BEIRUT: While scientists around the world work to develop a viable vaccine, coordinated data-sharing has become an essential tool in the ongoing fight against coronavirus.
Mass data collection methods are already being put to use, and tech companies have developed mobile applications in a bid to make people more aware of their surroundings and track the spread of the disease.
Apple and Google are working together to enable a broader Bluetooth-based contact tracing platform by building this functionality into the underlying platforms.
The technology, known as contact-tracing, is designed to curb the spread of the novel coronavirus by telling users they should isolate themselves after contact with an infected individual.
Apple and Google’s platform will stand as a “more robust solution than an API,” according to Apple, and would allow more individuals to participate if they choose to opt-in, as well as enable interaction with a broader ecosystem of apps and government health authorities.
The platform will be added in mid-may for iPhones and Android phones to wirelessly exchange anonymous information via apps run by public health authorities, and the Silicon Valley rivals will also release frameworks for public health apps to manage the functionality.
Countries including China, South Korea, Singapore, Hong Kong, and Taiwan have also adopted some new contact tracing smartphone apps that record symptoms and track users’ movements, in some cases triggering an alarm if the device leaves a quarantine area.
One of the leading Chinese monitoring apps, Alipay Health Code, uses a traffic light system, with a red light requiring mandatory hospital quarantine. Only those whose phone displays a green light are allowed to use facilities such as public transit.
On a privacy level, in parallel with the rush to implement COVID-19 tracking capabilities, important and deep-rooted issues around data collection, storage, user consent, and surveillance will be brushed under the rug.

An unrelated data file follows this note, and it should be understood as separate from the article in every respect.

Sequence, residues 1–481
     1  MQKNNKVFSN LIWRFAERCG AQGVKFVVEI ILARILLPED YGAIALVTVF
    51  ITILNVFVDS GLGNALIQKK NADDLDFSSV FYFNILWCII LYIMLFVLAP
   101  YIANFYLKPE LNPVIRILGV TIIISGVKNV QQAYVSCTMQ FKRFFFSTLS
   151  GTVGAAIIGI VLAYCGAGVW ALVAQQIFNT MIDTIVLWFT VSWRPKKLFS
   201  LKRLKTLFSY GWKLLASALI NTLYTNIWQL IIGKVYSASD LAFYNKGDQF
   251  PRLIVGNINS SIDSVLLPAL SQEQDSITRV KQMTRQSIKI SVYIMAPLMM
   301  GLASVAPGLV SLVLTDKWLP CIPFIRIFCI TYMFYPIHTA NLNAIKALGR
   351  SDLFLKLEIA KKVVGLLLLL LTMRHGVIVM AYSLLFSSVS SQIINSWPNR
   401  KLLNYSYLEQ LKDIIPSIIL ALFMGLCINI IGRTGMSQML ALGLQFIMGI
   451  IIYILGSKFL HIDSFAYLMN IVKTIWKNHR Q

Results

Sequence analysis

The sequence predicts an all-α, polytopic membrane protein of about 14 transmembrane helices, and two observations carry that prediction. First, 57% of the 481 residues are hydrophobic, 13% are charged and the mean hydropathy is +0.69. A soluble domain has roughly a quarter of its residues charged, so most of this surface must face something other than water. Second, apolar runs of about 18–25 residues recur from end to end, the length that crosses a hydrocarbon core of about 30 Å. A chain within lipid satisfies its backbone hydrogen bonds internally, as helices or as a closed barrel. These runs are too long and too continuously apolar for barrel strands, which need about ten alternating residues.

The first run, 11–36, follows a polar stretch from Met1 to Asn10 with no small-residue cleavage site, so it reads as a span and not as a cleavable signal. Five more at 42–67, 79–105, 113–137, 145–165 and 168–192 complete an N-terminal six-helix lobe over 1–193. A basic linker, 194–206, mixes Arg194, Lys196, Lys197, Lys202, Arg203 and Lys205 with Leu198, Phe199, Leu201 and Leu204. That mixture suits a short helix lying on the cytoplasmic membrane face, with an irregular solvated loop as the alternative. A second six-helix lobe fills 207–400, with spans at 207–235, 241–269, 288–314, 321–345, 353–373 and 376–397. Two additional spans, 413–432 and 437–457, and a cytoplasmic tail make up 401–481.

“Privacy, transparency, and consent are of utmost importance in this effort, and we look forward to building this functionality in consultation with interested stakeholders. We will openly publish information about our work for others to analyze,” Apple said in a press release.
To many, technology is controversial because it involves sharing sensitive health information from billions of people via mobile devices that are constantly broadcasting their location, and some politicians and regulators have been warning that citizens’ privacy should be protected.
Ireland’s government is set to roll out a voluntary phone-tracking app to alert users if someone they have been in contact with develops COVID-19, its health service said earlier last week.
“The app might lead to two separate outcomes,” warned Elizabeth Farries, technology, and human rights expert at the Irish Council for Civil Liberties. “The first is to trace contacts in order to fight COVID-19. The second is to further normalize surveillance.”
According to the American Civil Liberties Union, the availability of widespread and free testing to complement the app, and access to mobile phones and other wireless devices is another challenge, aside from privacy and trust concerns.
Although using apps in the context of COVID-19 is useful to the general public to help people report their symptoms and to learn about the virus and the health response.
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